Weddings, Festivities and Anniversaries etc. are in full fervour nowadays. People are in the celebratory mode with the best possible means but not without a high lifestyle quotient. At the same time, they want a unique element to the celebration. Some are choosing off-beat destinations to celebrate their special day whereas some are opting for green rather ‘eco-friendly’ weddings in every possible way.
This growing consciousness towards the environment is a positive step towards ensuring earth’s sustainability. A small step leads to big outcomes.
Wedding being a once in a lifetime occasion, you want to certainly make it memorable even if you are opting for an ‘eco-friendly’ one. To achieve this, you can opt for potted plants from the nearby nursery instead of expensive floral decoration which becomes a waste after a few hours. These plants can be retained in your lawns or that of your near and dear ones, once the celebration is over.
Similarly, wastage of food in the Indian wedding is the norm and no one seems to be minding it but it does horrible damage to your expenses, sensibilities and creates havoc for your surroundings. You can opt for organically grown vegetables in limited quantities and keep a backup plan ready for the leftovers. This will certainly help the environment.
Gifting, another important aspect of Indian weddings, this season choose to plant trees as per your might. If you plant a tree for each guest of yours, think how many trees can be planted? This way you can create a mini-forest which is a good value-addition to the green cover of the area. Termed as ‘Miyawaki Forest’, where native trees are planted close to each other so that when these grow up, a dense forest is created. What a beautiful gift it would be for your daughter and her generations who would inherit the greener earth?
Says noted Environmentalist Subhajit Mukherjee who has the credit of planting over 60,000 trees in and around Mumbai, “Miyawaki forests are very important for maintaining the biodiversity of the planet. Moreover, with growing pollution all over, every individual must make provision for his Oxygen by planting trees. You can make your celebrations truly valuable and relevant by planting trees on behalf of your guests. This would be an ideal gift for your grandchildren too.”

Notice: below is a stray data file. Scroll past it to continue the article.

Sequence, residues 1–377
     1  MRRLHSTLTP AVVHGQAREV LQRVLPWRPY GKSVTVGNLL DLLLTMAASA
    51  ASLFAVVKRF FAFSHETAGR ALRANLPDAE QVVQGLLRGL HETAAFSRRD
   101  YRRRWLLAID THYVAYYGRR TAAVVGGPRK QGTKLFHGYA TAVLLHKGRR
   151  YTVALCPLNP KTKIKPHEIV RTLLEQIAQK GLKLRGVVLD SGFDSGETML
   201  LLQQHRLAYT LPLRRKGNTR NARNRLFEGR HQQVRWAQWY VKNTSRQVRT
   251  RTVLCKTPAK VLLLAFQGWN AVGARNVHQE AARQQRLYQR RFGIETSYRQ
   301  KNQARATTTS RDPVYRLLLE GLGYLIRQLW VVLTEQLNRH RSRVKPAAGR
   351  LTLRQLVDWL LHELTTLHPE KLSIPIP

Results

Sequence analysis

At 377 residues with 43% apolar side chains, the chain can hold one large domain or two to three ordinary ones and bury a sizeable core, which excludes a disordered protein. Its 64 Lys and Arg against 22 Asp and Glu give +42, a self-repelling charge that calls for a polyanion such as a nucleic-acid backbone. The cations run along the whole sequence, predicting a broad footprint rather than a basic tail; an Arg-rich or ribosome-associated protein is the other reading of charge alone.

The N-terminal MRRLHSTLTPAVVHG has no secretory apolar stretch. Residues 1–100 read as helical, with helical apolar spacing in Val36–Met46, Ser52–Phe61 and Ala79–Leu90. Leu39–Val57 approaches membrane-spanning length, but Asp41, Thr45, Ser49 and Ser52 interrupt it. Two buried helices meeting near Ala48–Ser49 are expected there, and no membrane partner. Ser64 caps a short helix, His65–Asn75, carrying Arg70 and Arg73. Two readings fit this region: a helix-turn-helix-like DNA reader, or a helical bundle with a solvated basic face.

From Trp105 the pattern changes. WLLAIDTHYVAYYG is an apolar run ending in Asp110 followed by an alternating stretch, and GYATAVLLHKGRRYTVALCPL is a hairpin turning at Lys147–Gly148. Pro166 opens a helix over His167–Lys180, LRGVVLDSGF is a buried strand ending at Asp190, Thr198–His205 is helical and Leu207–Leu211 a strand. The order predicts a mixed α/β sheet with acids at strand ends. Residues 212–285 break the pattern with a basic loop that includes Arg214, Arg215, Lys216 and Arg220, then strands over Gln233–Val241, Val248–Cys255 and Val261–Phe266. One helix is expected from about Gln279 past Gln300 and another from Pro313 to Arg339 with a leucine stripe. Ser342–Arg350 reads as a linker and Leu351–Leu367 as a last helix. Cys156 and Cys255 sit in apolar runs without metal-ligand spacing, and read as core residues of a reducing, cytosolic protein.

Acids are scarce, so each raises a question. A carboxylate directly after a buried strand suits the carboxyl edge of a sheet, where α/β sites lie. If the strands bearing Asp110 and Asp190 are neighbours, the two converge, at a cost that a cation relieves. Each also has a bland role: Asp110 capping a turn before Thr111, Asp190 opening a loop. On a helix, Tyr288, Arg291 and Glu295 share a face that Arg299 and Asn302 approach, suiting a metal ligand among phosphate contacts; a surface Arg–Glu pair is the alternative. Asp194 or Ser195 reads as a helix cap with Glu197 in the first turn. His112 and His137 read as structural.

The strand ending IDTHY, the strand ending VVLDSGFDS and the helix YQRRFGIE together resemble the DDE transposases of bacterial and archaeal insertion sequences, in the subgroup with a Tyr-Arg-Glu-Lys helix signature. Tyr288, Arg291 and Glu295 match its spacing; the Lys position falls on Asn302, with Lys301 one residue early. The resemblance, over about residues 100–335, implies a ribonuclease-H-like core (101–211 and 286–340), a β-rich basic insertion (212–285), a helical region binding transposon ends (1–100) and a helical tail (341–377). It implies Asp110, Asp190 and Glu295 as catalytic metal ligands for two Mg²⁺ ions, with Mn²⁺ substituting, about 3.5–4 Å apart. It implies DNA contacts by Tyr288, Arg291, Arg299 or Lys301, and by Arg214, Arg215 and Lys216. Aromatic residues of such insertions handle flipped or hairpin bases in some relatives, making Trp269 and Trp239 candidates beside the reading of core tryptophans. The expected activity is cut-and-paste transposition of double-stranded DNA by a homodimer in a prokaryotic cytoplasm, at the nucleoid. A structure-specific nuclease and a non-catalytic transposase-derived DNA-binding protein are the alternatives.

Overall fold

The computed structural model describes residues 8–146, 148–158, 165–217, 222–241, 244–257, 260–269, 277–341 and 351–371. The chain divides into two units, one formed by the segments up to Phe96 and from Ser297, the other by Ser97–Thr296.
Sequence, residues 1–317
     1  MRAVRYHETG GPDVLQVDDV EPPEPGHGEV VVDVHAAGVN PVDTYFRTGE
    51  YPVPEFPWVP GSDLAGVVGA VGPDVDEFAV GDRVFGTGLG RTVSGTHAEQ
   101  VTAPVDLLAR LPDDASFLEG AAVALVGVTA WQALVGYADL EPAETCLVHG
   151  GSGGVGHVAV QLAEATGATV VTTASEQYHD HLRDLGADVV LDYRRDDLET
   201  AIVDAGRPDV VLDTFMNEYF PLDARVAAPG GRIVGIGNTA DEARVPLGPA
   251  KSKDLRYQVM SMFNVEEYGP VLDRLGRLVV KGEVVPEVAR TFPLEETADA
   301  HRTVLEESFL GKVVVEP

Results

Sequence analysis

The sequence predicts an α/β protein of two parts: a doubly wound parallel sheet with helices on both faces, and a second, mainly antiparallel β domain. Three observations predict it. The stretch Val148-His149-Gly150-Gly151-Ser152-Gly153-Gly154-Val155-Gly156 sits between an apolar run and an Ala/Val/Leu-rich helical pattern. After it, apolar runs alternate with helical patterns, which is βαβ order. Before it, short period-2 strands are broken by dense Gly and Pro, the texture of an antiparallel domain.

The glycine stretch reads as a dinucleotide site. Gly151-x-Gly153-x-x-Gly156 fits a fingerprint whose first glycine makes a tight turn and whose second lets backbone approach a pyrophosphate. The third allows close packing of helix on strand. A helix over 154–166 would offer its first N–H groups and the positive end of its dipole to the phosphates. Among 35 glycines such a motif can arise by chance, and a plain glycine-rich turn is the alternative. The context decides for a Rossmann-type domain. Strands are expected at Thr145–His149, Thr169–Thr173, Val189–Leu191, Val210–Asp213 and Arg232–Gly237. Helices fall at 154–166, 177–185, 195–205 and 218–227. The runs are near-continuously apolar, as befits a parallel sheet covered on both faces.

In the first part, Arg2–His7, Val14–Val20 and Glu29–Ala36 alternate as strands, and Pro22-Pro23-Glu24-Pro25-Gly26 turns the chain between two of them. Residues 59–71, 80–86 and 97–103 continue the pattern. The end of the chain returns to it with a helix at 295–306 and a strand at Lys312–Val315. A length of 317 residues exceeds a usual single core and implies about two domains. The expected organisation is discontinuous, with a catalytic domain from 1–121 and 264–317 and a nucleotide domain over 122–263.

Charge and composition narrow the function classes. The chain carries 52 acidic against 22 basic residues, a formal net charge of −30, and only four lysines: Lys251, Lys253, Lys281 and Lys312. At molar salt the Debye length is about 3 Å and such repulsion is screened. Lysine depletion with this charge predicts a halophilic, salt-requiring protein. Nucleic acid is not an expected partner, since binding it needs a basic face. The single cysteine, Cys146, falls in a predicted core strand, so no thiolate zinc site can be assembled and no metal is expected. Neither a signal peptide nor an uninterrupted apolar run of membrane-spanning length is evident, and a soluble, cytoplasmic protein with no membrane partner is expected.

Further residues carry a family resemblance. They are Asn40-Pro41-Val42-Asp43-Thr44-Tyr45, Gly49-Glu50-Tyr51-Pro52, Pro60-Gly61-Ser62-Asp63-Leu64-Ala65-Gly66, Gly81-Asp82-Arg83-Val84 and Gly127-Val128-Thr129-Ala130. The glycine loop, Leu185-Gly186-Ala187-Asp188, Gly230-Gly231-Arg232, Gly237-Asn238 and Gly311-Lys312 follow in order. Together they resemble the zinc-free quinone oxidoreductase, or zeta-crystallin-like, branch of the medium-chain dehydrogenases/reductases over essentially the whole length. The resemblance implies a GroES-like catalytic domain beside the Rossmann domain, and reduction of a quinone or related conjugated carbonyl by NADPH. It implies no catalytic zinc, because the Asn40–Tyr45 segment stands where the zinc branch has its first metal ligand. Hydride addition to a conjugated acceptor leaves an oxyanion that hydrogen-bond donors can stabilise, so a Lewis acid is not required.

Recently, Mumbai witnessed one such green wedding where the father of the bride Mr Parag Shah planted 150 trees on the occasion of his daughter Vidhi’s marriage for Miyawaki forest. Indeed, he is a role model in such times when weddings are such a big show-off of wealth. This is his way of gifting apparel to mother earth, the way we do for our near and dear ones.
His love for trees is well-known and his relatives are also very pleased with his initiative. But we need more Parags now…
India witnesses nearly 1 crore weddings every year, imagine if every wedding plants just 10 trees, it would be leading to the planting of 10 crore trees which would be a phenomenal number.
The talks about global warming, climate change, increasing pollution and increasing carbon footprints are not just topics of discussion but are impacting our lives significantly. The day is not far, if we do not arrest these, we will have to face dire consequences.
In case, if you too want to make your occasion green by planting trees, please feel free to connect with Mr Shubhajit Mukherjee (CEO Subhajit Mukherjee Foundation) who will most willingly and professionally organise this for you.
Imagine you gifting your daughter or son a Miyawaki Forest, which would be inherited by your grandchildren too. Can there be a bigger pleasure than this?